Urbanette: You were also on Obama’s campaign trail years back. If there’s any advice you can give American citizens out there, what would it be?
Olivia: You can take 5 minutes out of your day to vote. You had to go right by there on your way to the store anyways. And I think that we shouldn’t just elect a president and wipe your hands like “ok, now I can relax”. To really have change you have to continue operating on a local level. You have to be in touch with your representatives, you have to speak up constantly and stand up for what you believe in. He — or she — can’t do anything about issues unless we’re all standing up and demanding it. We can’t just say “ok, now do everything you said you were going to do”. We have to help by continuing to fight for it.
Urbanette: Who is inspiring you to do all of this great advocacy work? Do you have mentors or people that you look up to?
Olivia: It’s everyone from Jeff Bridges to Jennifer Garner. It’s great because all of these people have different experiences but I think they’ve carried themselves with such grace. And they’re a wonderful example for someone like me.
Urbanette: Sounds like you have a special relationship with these people. But is it more of an advice relationship or a hangout relationship — or a little bit of both?
Olivia: I really value those relationships because anytime I’ve been hit by rough times I do have wonderful people I can call and say, “How do you deal with this?” And it’s people I’ve worked with and become close with.
Urbanette: You have an adorable son, Otis. What was it like becoming a first-time mother?
Olivia: No one tells you that after you’ve had a baby you are a walking wounded. It’s an experience, for sure. And then there’s all these expectations thrown at you right away; how you’re supposed to bounce back, a lot of them are really unrealistic, and I just kind of had had it. They want you to wear a corset and I’m like ‘what century are we in’?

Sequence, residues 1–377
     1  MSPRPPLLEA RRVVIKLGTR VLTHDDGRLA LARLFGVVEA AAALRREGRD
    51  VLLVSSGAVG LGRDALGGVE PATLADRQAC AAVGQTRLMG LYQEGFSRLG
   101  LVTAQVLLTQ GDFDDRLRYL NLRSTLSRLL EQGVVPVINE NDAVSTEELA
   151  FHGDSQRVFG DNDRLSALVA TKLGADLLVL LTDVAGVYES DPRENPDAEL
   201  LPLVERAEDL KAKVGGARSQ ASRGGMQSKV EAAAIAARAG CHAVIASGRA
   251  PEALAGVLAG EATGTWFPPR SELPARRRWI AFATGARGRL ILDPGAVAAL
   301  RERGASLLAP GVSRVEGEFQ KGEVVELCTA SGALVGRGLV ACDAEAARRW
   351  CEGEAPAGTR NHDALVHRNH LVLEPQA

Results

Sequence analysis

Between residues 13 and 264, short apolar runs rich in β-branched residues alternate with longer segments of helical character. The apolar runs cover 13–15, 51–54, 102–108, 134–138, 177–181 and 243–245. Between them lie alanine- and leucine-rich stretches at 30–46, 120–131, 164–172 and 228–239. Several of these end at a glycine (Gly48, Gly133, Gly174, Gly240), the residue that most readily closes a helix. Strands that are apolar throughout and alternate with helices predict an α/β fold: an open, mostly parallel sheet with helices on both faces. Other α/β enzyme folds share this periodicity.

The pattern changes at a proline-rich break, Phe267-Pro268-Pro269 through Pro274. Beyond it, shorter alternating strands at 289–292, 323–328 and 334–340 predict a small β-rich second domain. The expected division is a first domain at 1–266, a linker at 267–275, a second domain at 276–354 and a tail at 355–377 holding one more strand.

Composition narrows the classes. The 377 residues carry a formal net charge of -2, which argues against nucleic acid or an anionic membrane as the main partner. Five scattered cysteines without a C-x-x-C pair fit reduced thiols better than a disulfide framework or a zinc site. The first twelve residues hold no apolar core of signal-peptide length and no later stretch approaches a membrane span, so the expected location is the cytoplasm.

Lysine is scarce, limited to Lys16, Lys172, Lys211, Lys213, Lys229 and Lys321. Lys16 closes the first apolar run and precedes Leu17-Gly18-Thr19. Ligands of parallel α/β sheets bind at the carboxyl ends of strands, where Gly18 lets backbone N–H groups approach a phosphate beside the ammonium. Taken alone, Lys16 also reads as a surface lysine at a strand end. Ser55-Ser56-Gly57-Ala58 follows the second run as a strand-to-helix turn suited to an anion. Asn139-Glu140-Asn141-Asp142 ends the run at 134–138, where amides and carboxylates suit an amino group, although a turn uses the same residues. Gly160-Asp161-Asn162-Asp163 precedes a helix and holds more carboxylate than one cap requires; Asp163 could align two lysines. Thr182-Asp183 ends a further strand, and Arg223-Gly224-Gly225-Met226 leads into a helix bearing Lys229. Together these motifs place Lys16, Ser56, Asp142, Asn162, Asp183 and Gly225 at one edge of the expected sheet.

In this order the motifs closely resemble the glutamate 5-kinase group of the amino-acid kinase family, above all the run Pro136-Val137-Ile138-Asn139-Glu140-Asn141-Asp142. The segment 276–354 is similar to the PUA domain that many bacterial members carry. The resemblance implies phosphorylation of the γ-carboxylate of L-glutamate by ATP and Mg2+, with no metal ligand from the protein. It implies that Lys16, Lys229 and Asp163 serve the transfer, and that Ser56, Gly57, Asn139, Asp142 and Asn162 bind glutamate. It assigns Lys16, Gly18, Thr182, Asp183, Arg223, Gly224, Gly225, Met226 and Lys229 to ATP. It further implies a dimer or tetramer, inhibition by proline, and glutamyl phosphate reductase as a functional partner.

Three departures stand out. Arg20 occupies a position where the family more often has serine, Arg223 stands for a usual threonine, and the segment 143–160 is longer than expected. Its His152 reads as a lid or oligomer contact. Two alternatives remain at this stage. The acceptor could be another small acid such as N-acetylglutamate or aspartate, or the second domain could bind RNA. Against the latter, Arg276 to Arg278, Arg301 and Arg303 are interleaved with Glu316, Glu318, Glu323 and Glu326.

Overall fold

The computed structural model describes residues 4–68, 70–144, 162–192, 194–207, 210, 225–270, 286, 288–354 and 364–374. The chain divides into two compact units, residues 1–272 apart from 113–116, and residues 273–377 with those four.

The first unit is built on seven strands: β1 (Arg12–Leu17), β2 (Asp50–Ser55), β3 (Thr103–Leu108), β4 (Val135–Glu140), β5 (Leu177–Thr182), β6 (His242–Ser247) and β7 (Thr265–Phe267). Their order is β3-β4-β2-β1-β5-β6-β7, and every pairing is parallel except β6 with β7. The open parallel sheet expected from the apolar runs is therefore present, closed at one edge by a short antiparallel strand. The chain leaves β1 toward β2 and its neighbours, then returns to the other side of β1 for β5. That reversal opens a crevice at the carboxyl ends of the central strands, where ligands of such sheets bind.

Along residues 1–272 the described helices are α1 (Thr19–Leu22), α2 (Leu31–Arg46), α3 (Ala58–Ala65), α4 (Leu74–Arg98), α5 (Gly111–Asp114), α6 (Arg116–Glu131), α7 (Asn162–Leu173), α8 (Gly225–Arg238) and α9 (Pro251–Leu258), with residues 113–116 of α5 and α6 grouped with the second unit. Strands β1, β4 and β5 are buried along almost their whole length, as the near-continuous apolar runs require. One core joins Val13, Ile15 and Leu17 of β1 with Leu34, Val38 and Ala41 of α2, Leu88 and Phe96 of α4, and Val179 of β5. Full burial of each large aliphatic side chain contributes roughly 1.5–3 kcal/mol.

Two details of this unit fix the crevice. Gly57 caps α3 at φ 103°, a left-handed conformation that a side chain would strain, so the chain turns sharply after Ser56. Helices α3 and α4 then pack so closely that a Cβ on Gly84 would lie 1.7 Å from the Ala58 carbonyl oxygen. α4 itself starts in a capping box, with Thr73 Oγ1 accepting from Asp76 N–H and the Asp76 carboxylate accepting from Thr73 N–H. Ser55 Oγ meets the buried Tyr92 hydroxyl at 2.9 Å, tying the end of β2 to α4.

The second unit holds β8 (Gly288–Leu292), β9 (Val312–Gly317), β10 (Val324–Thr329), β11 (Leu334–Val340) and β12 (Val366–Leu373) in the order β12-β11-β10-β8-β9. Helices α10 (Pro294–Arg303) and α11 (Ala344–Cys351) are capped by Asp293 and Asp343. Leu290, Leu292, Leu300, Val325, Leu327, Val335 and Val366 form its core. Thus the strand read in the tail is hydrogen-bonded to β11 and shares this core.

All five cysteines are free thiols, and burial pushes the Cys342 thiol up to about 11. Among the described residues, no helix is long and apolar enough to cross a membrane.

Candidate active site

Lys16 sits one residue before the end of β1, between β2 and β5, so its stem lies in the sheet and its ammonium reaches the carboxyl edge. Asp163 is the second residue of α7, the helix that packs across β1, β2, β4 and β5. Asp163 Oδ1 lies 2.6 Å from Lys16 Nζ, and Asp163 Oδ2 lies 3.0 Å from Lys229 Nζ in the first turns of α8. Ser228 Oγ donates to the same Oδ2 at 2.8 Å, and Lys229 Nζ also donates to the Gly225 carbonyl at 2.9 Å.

Urbanette: You also wrote an article called, “The Dos and Don’ts of Turning 30,” about being thirty years old. If you can share one main idea for this article, what would it be?
Olivia: I encouraged women to take advantage of it, to enjoy it, not be ashamed of it or stifle it in any way and to understand that what I said in the article is that now we can act like an 18-year old boy and just be better at everything.
Urbanette: That sounds like fun. In your article, you wrote, “I am so saddened and grossed out by young women who look like creepy, old aliens because of their new Barbie noses and lips.” I agree. It’s sad that society has convinced young women that they need to look a particular way to be attractive.
Olivia: Yeah, there are too many young women who are getting plastic surgery. It makes me sad and they all look the same. And I don’t mean to be preachy, it’s advice to myself as much as it is for everyone else…